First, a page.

A United Nations-backed court in The Hague has convicted former Liberian president Charles Taylor of war crimes.
The 64-year-old was found guilty of “aiding and abetting” rebel fighters who waged an 11-year civil war in neighbouring Sierra Leone.
Taylor is the first head of state convicted by an international court since the post-World War II Nuremberg trials. He is likely to be sentenced by the end of May and will serve his prison term in Britain.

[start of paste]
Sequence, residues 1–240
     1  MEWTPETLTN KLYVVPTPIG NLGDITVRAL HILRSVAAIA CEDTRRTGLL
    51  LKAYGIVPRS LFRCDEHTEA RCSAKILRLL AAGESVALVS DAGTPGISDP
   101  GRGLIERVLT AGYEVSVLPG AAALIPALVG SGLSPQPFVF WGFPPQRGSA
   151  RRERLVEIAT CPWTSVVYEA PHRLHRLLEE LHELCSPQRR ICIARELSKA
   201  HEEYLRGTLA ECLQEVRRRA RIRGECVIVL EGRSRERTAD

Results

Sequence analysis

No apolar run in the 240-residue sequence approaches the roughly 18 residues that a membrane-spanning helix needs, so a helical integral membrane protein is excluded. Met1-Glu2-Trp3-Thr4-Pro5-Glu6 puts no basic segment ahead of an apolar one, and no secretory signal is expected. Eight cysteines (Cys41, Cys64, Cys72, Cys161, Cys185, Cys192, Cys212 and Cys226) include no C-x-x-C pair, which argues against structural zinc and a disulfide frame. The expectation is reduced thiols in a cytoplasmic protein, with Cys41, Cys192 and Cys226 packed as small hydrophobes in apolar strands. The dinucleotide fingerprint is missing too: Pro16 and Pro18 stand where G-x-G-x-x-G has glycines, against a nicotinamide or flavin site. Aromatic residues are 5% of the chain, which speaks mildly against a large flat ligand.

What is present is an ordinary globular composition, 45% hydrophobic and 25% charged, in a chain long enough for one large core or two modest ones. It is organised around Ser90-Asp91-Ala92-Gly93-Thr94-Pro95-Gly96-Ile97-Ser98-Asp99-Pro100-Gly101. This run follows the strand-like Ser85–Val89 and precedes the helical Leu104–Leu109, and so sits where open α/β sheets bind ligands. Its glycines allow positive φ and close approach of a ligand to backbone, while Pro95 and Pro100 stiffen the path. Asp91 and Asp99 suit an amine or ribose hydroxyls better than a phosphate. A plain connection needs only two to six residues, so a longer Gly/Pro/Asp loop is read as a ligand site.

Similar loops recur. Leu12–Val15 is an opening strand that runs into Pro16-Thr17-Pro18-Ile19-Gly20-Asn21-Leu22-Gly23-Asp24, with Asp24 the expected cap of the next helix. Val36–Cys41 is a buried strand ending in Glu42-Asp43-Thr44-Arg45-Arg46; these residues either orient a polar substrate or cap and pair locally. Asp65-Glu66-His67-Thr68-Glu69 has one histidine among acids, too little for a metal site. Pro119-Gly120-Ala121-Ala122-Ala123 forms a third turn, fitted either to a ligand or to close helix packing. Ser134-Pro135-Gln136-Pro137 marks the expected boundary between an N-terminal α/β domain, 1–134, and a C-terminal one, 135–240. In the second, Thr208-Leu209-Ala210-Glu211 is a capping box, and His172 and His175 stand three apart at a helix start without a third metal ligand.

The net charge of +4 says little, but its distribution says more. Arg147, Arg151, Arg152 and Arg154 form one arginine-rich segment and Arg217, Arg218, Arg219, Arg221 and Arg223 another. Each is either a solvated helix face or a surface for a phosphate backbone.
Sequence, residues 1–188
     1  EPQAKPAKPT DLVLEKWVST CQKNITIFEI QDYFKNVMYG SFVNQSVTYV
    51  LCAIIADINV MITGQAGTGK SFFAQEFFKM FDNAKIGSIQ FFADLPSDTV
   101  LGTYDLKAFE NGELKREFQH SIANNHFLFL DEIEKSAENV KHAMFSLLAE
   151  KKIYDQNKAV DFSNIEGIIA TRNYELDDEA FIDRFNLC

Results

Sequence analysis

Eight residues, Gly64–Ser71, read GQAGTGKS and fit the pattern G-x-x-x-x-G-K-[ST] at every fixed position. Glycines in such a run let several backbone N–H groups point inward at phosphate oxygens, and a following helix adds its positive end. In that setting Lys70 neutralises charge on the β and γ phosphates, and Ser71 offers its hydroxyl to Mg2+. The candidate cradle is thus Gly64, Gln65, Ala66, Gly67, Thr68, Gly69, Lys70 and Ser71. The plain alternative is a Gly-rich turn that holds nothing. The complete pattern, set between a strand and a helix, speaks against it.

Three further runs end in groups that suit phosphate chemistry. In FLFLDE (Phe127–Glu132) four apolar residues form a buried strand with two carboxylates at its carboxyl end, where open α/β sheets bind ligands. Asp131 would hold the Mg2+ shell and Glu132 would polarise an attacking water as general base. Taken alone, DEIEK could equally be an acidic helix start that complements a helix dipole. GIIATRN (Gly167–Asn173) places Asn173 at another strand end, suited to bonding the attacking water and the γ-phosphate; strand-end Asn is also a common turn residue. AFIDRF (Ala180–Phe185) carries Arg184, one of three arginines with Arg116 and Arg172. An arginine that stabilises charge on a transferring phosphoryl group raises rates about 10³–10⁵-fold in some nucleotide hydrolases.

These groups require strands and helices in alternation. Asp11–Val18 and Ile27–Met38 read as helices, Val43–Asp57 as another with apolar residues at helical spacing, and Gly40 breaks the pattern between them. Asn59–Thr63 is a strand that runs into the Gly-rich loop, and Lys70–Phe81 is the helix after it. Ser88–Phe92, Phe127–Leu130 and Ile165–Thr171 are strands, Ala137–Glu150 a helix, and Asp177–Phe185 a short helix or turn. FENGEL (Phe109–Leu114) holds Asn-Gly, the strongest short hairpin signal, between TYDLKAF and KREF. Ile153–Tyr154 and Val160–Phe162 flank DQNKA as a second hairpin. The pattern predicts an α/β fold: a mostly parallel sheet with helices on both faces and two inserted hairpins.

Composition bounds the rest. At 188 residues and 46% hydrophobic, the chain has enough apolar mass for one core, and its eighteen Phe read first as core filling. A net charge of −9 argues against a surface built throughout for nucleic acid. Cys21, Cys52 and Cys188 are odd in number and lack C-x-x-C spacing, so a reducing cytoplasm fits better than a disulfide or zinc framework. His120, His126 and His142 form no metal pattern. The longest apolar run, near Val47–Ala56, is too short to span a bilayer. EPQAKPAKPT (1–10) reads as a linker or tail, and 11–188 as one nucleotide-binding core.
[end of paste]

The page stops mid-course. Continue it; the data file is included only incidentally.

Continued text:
The court heard how Taylor supported a notoriously brutal rebellion, which led to the deaths of around 50,000 people, in return for so-called blood diamonds.
Prosecutor Brenda Hollis says the verdict “reinforces the new reality that heads of state cannot hide behind their positions, and will be held to account for war crimes”.